Neighborhood Trust Financial Partners is excited to welcome Melissa Gopnik as our new Vice President of Innovation. In this new role Melissa will lead the ideation, design, and development of financial products, benefits, and systems that compete and disrupt today’s marketplace of worker financial solutions. Leveraging the expertise and insights from Neighborhood Trust’s financial coaching platforms, Melissa and her team will identify market opportunities for financial solutions that mitigate worker indebtedness and build worker financial security. This appointment is particularly meaningful for Neighborhood Trust as we fulfill our strategy of achieving impact at scale by driving change on both a system and market level.
Melissa brings over 20 years of strategic nonprofit leadership to this role. Throughout her career, she has combined her talents in strategic planning, program and product design, research, and public speaking to promote justice and equity. In her previous role, Melissa oversaw the Innovation Lab at Commonwealth, which designed and tested savings products and new technologies such as blockchain and machine learning.
During her first week on the job, we learned about her perspectives on innovation, worker financial health, and more. Here’s some highlights from our conversation with her:
What are the greatest challenges to workers’ financial health today, and what do you believe Neighborhood Trust’s role is in solving them?
One challenge that I think doesn’t get talked about enough is misunderstanding, which leads to, at best, indifference. People with the power to improve the financial health of households that live on low or moderate incomes, often believe that it is caused by, and can be solved by, individual actions.
I sometimes refer to this as the “Starbucks hypothesis”. This hypothesis says, “If only people would stop buying lattes, there would be no financial insecurity for working people.” Years of research show that individual actions are just one minuscule part of reducing financial insecurity.
The real solution is to change the policies and practices of the major institutions in the employment and financial systems. Neighborhood Trust is in a unique position to correct this misunderstanding based on data and insights about the realities of workers financial lives. This data allows Neighborhood Trust to partner with institutions that have the power to change the trajectory of workers’ financial futures.
What do you believe makes Neighborhood Trust uniquely positioned to drive innovation and change within the financial services space?
What excites me the most about joining the Neighborhood Trust team is their commitment to high-quality direct services to workers and system change. I think long-lasting system change is only possible when it’s grounded in a deep understanding of the root causes.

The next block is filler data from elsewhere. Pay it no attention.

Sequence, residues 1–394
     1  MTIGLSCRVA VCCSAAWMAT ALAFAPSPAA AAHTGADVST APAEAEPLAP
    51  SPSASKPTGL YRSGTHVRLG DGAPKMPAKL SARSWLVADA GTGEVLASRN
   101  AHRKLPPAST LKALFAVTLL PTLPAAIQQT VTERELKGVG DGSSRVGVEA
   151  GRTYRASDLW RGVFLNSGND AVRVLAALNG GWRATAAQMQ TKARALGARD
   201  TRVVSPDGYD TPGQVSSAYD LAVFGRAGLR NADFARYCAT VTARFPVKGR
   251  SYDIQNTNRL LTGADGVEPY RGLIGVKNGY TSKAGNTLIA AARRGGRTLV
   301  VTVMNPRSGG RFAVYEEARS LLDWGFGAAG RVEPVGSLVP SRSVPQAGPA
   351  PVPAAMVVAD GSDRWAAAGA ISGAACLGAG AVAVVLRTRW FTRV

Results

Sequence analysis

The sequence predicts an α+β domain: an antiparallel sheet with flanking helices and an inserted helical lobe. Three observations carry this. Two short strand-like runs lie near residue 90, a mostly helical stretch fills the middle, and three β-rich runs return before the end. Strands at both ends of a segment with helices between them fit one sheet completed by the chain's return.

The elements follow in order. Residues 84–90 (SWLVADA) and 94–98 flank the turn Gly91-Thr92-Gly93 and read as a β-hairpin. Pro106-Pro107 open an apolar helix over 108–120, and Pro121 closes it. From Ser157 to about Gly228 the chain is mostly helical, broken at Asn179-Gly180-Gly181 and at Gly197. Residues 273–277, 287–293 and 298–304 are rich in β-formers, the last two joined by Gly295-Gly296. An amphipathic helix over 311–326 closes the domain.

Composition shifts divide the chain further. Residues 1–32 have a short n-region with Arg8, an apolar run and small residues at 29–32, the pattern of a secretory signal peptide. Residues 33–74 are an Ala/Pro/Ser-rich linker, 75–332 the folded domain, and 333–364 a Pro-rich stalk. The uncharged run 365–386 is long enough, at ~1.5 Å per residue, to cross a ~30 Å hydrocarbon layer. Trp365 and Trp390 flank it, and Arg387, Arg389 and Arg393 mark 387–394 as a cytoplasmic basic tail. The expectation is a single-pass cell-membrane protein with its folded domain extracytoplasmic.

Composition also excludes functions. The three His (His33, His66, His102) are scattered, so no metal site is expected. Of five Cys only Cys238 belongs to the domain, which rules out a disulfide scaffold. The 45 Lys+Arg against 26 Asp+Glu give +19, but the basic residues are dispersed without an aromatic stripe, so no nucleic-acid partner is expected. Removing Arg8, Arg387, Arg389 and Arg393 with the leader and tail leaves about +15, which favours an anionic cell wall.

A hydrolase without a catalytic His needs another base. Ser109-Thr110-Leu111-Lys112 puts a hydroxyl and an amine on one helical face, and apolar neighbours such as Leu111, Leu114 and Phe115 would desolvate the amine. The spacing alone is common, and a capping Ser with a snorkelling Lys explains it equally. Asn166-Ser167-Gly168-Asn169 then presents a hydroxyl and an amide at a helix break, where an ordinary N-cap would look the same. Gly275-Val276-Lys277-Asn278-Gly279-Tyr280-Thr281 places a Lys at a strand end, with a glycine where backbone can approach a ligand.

The best way to build knowledge is through direct service. Through financial coaching, Neighborhood Trust has unique insight into workers’ realities that inform and motivate individuals and organizations as we pursue a more equitable economic system. This data fuels innovation and disrupts the current financial landscape.
How do you approach innovation?
I like to start by demystifying it.
When people hear the word “innovation” they imagine a rare person, who is usually a little odd, who comes up with brilliant ideas out of thin air. Innovation is something anyone can do. It is simply coming up with a better mousetrap- that is one that is both new and useful.
This work is executed best in a group of diverse people who share the same vision and values. Effective listening is essential to successful innovation. We must take the time to hear one another and combine everyone’s ideas to create something extraordinary.
The right tools and structures are needed to hear every idea and create something novel and useful that no one would have thought of on their own. The Neighborhood Trust staff have been innovators since its inception. I am eager to work alongside them to optimize the team’s innovation as we make impact at scale.
Who are your influencers?
There are a few who come to mind.
Linda Hill is a brilliant academic researcher who has great research on how companies can organize themselves to support a culture of innovation. Her work is highly accessible and practical.
Lucinda Garthwaite, the founder of the Institute for Liberatory Innovation (ILI), publishes a newsletter with fresh ideas on ways to implement effective systems change- specifically around DEI. She is a big inspiration, and I am a proud board member of the ILI.
Pascal Auclair is an Insight Meditation teacher. I have attended many of his workshops and retreats. His combination of humor and wisdom is uplifting. Pascal is from Quebec, so his French accent reminds me of home.
How do you spend your Sundays?
I like to spend my Sundays watching my daughter and husband race cars in the solo program of the SCCA. They are both big car enthusiasts. I also like to cook a new recipe to use up whatever I got in my farm share that week.
What is the best piece of financial guidance you’ve received?
Invest in US Treasury I bonds. They are only available to individuals and have a great rate of return.This is advice I received from a younger colleague of mine, who is an enthusiastic first time investor and a former Harvard Business professor, so I figured I couldn’t go wrong.